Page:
Most likely you’ve heard that Southwest Airlines is a unique and very successful company. You might have heard about their casual attire or seen their humorous nature first-hand.

When I lived in Dallas, I flew Southwest and remember their unusual style but reading more about them now I’m even more impressed.

For starters, they are the ONLY airline profitable every year since 1973. That is amazing – most airlines aren’t profitable even a few years in a row. How is this possible? What “secret sauce” does Southwest have to make it so successful while its competitors struggle? I know what it is. It is their undying devotion to customer #1 – their employees (this is how they say it). They put their employees first.

Yes, I am a tireless advocate of putting your customers first — and success with your customers starts by caring for your employees. Employees are the foundation of any good customer experience and relationship. Without the right support and focus on employees you can’t create loyalty, word of mouth and more.

Investing in employees means caring about their career development, identifying their talents and finding ways to use them. It will bring amazing things to light.

Let me share the 4 components that Southwest uses in their approach to sustaining their amazing culture (which is foundational to their success). Rita Bailey, during her tenure as director of the University for People, coined the acronym ACES to summarize Southwest’s approach to sustaining the culture: Attract, Communicate, Educate and Support.”:

1) “First, Southwest attracts the right people, hiring for attitude and only then training for skills….”

[I’ve seen this first hand – you can’t effectively train for attitude you must hire people who already have the passion and drive you need.]

2) “Second, Southwest communicates expectations. This communication ensures that employees know that Southwest wants personal caring, a sense of servanthood, and a sense of customer service in its employees.”

[Just last week someone was telling me that an organization chose to fire an employee rather than clarify expectations and work in tandem with the employee to reach the desired outcomes. That is a waste of time and money and surely doesn’t help the customer.]

3) “Third, Southwest focuses on education. At Southwest, learning occurs in a myriad of ways. Employees receive training in the classroom, which is then reinforced on the job; they are given access to the resources that will help them do their job effectively; and they receive training on both the technical and relationship aspects of their jobs.”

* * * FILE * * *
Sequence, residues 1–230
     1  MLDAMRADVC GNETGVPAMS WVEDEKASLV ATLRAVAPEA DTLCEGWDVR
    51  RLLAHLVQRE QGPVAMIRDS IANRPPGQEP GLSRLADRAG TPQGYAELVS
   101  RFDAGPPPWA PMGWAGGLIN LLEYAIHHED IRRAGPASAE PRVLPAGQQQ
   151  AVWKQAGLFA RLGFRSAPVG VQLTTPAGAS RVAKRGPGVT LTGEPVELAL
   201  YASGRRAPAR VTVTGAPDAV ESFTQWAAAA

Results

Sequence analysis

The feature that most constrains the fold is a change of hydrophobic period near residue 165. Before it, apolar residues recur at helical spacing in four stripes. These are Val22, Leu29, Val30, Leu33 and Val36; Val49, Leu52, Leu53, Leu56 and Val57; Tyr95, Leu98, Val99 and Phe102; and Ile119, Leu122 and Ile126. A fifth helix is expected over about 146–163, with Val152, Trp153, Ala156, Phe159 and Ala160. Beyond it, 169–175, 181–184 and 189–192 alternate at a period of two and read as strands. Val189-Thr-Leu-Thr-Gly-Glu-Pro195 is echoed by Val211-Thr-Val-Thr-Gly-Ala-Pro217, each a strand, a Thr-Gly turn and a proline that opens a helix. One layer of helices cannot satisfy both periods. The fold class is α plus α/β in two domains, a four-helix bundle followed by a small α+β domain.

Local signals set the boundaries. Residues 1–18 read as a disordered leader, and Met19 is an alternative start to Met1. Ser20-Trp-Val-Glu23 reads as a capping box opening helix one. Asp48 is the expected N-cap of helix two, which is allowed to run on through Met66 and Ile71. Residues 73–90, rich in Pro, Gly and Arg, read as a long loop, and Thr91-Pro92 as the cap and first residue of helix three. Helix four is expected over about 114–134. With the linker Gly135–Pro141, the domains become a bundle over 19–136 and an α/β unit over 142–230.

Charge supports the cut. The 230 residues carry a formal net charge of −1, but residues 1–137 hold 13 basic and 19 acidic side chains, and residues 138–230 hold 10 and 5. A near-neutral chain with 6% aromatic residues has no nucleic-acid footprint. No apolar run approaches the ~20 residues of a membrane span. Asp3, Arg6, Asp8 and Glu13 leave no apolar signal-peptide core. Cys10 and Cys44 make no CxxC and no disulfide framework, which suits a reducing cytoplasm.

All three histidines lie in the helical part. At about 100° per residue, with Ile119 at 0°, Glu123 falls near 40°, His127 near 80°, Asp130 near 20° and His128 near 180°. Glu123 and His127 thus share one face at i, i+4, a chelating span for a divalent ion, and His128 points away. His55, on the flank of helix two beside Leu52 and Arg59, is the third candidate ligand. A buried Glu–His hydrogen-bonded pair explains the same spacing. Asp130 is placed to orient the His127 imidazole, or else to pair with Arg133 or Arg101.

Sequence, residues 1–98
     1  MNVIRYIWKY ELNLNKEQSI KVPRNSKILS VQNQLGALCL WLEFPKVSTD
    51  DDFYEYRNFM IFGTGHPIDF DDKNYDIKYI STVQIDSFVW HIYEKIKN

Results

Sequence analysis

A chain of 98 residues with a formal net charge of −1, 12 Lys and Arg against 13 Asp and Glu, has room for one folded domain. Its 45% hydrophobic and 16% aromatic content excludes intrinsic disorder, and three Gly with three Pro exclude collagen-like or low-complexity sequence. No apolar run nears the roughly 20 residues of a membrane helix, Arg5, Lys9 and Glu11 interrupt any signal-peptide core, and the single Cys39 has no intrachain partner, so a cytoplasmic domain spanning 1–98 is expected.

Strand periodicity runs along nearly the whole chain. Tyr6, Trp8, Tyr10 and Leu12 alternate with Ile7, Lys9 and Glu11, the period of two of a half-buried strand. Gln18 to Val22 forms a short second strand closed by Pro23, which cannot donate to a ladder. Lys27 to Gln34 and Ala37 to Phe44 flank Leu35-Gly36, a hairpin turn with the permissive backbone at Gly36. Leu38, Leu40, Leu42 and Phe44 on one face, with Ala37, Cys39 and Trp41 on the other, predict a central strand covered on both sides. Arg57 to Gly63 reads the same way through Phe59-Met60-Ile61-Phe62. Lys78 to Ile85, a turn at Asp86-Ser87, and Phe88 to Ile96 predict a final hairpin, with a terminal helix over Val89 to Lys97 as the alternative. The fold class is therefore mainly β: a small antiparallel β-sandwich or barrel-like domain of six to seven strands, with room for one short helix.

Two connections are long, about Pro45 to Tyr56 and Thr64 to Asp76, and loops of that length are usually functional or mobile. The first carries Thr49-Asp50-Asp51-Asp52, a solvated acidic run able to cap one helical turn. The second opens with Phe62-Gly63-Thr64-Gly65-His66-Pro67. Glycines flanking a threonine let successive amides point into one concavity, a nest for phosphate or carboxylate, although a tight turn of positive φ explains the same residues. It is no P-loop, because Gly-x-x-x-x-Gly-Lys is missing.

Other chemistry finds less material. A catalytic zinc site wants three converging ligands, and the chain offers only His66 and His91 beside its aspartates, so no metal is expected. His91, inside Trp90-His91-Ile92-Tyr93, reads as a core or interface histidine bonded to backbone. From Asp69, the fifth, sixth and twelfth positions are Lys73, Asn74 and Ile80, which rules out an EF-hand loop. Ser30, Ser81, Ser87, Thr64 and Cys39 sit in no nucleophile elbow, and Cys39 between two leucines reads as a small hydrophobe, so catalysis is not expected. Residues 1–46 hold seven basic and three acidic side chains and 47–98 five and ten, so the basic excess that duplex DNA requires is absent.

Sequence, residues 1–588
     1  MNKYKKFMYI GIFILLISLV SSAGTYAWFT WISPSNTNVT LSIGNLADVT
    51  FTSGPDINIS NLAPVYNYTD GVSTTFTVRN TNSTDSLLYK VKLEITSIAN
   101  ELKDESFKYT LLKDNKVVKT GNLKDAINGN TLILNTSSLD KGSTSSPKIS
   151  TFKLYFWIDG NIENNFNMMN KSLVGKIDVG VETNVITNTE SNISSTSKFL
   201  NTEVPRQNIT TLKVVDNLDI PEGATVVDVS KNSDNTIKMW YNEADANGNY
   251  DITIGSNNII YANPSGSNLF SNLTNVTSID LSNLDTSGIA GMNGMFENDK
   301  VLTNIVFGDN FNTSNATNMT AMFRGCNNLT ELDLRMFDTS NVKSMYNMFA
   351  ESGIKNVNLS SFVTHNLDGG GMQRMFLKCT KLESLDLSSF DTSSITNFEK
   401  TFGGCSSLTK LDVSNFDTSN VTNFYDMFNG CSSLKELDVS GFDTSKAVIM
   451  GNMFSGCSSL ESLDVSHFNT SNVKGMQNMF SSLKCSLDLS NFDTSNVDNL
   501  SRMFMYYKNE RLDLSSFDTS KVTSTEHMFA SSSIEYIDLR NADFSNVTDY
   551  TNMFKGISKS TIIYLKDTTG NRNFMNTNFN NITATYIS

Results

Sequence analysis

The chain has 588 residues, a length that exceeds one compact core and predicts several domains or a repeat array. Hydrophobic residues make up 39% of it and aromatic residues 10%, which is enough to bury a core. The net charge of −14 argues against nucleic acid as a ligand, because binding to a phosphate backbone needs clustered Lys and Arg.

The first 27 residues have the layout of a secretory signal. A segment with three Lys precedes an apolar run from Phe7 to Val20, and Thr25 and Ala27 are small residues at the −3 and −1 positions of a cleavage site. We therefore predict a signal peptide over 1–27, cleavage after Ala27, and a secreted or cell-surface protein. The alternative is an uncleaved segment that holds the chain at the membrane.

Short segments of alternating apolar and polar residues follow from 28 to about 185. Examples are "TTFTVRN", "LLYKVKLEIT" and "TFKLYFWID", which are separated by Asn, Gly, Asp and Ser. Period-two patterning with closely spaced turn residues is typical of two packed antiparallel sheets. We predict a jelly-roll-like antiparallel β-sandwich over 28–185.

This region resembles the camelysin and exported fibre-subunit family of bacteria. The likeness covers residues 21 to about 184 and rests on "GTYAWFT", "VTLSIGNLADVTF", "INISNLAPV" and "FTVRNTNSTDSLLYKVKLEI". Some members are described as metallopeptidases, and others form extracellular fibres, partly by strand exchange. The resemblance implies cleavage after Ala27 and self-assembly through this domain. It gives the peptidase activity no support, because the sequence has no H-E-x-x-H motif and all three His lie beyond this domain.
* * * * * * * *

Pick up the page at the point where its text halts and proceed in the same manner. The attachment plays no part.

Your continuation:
[I loved reading about this multi-faceted approach to training. It can’t be just a classroom seminar without follow-up and practical dialogue on the job.]

4) “Finally, the fourth letter of ACES represents the ongoing support that employees receive. For example, Southwest has the highest supervisor-to-customer-service-agent ratio of any airline, believing that supporting frontline employees is the most important factor for success. Furthermore, whenever there is a problem, upper management checks it out, seeking the root of the problem, being careful not to blame the frontline employee if the problem lies elsewhere.

[This is refreshing to read – that frontline employees aren’t blamed automatically. Oftentimes there are many forces behind the scene that lead to customer angst (marketing, sales and product managers all having their own priorities and messages for example)].

Another powerful ingredient in their “secret sauce” is employee empowerment. Employees have the opportunity to be creative in solving problems. They aren’t forced to use prescribed solutions that may not fit. They are expected to use their judgment to make sure the customer has the “kind of experience that is going to bring them back.” Sounds great to me!

Here’s an example of how this pays off:
After 9/11 the company asked employees to help them save money in whatever ways they could and because of the creativity of the employees there were no layoffs. Plus their customers told Southwest to keep the money they paid for air tickets even though they were wanted to cancel their travel plans.

Talk about loyalty. You need a plan for this kind of loyalty. Start with your employee plan.

*Excerpts from “
Soul at Work” by Margaret Benefiel